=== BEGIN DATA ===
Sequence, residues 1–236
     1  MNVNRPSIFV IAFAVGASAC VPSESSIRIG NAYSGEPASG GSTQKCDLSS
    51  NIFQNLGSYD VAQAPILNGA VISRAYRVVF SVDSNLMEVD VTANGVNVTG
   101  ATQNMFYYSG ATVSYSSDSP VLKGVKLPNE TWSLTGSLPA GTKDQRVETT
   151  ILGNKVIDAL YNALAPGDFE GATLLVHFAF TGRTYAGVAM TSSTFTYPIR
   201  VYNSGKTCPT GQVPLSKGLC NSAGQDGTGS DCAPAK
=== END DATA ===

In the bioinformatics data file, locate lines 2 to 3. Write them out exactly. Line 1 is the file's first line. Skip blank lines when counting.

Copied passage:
     1  MNVNRPSIFV IAFAVGASAC VPSESSIRIG NAYSGEPASG GSTQKCDLSS
    51  NIFQNLGSYD VAQAPILNGA VISRAYRVVF SVDSNLMEVD VTANGVNVTG